Black Boss Lady
She's black, she's a lady and she's the boss. She's also everywhere in television.
There appears to be a growing trend for making the Da Chief the polar opposite of the old, white man he always was in the past. There's a new boss in town, okay? And the Cowboy Cop, or whatever smart-alic subordinate she has better watch out, because she isn't putting up with any of his crap. The Black Boss Lady is characterized by being a Twofer Token Minority, both a woman and Black, in charge of probably mostly men in a stereotypically male profession. Right there, you know she's a badass because she must be so good at her job, that even any discrimination which might have been in her way due to either her femininity or her minority status was bulldozed flat in two-point-five seconds by her incredible competency. Because the Black Boss Lady is good, or she wouldn't be where she is today. She's not afraid to take some risk if there is a decent chance of a worthwhile pay off. She presides over her organization with an iron fist, but she's also a Reasonable Authority Figure, and will give the Cowboy Cop (or lawyer, or reporter, etc.) credit were it's due. At first she might seem like a hardass by-the- book type but inevitably they get used to each other, she reveals hidden depths, and the two give each other room to work and come to appreciate the other's strength. When it comes to drama, her blackness is hardly ever mentioned, her femaleness being the main source of plot. This being so she won't have much of an Urban Accent or have many tropes stereotypically associated with blackness. She almost never slips into Sassy Black Woman, for instance. She's also usually very well-dressed, in a business skirt-suit or slacks (nothing even remotely risque), and it's not uncommon for her clothes to be somewhat masculine. Often she has managed to have her cake and eat it too (mostly) in that she has both a shining career and a family. One could reasonably consider the Black Boss Lady to be the spear-counterpart to the Bald Black Leader Guy, though the main things they have in common are being black and being leaders (though there's nothing in the trope that excludes her from being bald). Is also a subtrope of Da Chief, most of the time, though this trope isn't restricted to situations were she actually is Da Cheif, she just needs to be the boss of whatever organization she's running.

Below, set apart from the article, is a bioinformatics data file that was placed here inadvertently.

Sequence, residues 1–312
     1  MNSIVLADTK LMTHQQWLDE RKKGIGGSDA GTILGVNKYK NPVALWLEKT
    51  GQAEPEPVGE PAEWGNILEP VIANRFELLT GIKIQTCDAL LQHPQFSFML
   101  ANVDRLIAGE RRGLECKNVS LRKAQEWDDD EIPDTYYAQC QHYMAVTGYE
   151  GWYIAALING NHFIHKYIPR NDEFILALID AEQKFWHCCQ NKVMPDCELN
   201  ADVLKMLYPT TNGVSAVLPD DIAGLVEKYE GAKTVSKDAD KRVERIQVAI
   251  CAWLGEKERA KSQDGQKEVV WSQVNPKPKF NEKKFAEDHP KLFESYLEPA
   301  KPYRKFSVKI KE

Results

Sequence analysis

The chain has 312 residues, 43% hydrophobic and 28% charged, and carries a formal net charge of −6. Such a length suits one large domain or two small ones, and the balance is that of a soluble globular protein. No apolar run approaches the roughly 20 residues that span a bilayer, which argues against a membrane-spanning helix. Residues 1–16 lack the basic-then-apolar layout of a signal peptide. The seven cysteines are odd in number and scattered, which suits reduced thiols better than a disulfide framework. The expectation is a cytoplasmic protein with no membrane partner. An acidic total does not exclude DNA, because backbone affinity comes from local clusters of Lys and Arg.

- Amanda Waller, in DC Comics' Cadmus, Suicide Squad, and related organizations.
- In the comic book version of Wanted Wesley's emasculating boss is a black woman.
- Appears in the Paul Verhoeven Starship Troopers film. Sky Marshal Dienes, a middle aged white male, is replaced by Sky Marshal Tahat Meru, a Hawaiian. Her attitude and general demeanour speaks to this trope.
- Molly Hightower, the second boss the fictional CBI (California Bureau of Investigation) receives in The Mentalist.
- Colleen Manus, Regional Director for the Florida Department of Law Enforcement, Florida's state police, in The Glades.
- Lt. Tanya Rice, head of Dwight's Memphis city police squad in Memphis Beat.
- Jessica Pearson, Harvey's boss and founder of the law firm in Suits.
- Lieutenant Van Buren, for many years Da Chief in Law and Order.
- Lieutnant Laguerta in Dexter also fits the trope in everything except actually being African-American (she's a Latina). In fact, now I think of it at one point in the series Laguerta was demoted in favour of a black female officer who proved unable to handle the job because of difficulties in her love life, which is something of a subversion.
- Da Chief from Where in the World Is Carmen Sandiego? (live-action)
- Also in Detroit 1-8-7. This seems also to be common in situations involving social workers.
- Helen from Drake & Josh.
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